From Legalistic Prison to Gracious Freedom
I believe that legalism was the primary problem in our home when I was growing up. My parents had grown up in legalistic churches and then received their college education in a school where legalism reigned supreme. My Father’s preaching reflected this blight and my Mother was his willing helper in filling our home with legalistic strictures. I see the major cause of the psychological disorders that plagued both my sister Georgianna and my brother Jim to this legalism that was so strong in our home. Continue reading
The death of my brother Jim when he was only 19 was the worst sorrow my family had ever experienced. Having been diagnosed with “schizophrenia” a few months before, he had been confined to a mental institution. The medical professionals had been treating him with “insulin shock” to relieve his depression, but he was then diagnosed with “juvenile diabetes” and died within 36 hours. We never expressed our suspicions to his treatment team, but we were quite convinced that the “insulin shock” treatments were what killed him – especially since none of our family on either side had ever had diabetes. Continue reading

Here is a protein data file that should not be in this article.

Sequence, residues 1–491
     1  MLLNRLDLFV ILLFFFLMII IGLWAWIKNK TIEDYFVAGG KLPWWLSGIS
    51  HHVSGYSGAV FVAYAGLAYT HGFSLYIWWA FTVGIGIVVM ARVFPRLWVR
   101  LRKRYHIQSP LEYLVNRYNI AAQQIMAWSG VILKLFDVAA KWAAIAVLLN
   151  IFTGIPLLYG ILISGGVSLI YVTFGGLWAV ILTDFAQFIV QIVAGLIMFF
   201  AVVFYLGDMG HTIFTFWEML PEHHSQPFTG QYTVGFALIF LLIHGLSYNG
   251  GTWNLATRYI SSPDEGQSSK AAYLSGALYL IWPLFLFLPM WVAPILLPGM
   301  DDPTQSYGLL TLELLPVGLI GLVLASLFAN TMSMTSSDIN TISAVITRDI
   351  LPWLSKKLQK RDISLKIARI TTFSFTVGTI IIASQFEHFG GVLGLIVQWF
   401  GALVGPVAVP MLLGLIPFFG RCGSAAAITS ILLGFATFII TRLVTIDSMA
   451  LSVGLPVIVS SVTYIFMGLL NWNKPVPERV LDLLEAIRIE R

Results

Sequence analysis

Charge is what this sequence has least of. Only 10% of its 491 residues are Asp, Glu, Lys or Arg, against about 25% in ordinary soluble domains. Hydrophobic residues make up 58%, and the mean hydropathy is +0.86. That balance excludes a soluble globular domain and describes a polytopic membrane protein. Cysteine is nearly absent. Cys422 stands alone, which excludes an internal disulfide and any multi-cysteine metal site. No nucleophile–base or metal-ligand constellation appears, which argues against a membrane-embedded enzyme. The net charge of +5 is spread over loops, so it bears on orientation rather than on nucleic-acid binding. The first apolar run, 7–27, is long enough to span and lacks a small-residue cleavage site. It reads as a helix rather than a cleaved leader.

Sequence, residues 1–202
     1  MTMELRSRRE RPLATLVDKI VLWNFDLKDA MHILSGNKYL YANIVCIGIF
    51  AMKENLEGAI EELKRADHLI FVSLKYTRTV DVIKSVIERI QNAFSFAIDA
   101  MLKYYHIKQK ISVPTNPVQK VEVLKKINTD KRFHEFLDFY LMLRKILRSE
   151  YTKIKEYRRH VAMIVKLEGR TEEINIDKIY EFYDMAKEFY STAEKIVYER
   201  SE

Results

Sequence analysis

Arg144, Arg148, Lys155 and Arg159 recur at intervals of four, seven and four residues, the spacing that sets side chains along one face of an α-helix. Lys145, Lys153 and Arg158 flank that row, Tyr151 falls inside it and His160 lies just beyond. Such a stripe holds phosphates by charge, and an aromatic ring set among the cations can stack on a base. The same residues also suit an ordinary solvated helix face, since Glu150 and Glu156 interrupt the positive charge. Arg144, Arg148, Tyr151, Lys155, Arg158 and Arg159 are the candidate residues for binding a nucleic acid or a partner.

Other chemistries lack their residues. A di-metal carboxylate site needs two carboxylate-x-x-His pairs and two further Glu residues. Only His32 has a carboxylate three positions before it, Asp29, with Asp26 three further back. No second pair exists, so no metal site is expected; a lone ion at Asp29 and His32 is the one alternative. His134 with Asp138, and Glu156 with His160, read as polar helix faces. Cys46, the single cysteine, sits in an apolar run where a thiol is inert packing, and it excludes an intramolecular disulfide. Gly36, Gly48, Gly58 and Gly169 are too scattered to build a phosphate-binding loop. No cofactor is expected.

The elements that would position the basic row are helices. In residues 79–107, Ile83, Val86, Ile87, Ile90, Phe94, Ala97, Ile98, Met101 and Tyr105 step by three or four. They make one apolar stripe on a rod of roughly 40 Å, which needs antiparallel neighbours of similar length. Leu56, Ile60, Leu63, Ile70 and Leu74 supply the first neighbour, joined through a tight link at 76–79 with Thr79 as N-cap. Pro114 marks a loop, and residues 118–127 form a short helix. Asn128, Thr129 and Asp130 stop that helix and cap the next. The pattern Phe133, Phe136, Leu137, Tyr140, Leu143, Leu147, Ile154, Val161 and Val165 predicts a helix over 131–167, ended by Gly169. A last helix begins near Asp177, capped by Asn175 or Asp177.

I grew up in a home of mixed joys and sorrows. It was the sorrow in our home which caused the spiritual crisis in my own life, leading to my call to the ministry. But first I want to speak of the joy that was in our home.
That joy flowed from my dear parents who genuinely loved the Lord and nourished us in the love of God. Our family life was built around habitual family worship with reading of scripture, prayer and hymn singing. We never missed Sunday worship, morning and evening. Both of my parents were “pastor-preachers” in the Methodist tradition. My Father was the main preacher but my Mother would, on occasion, preach for one small congregation in our rural setting while my Father preached in another. There was a genuine joy evident in their ministries as well as in our family. Continue reading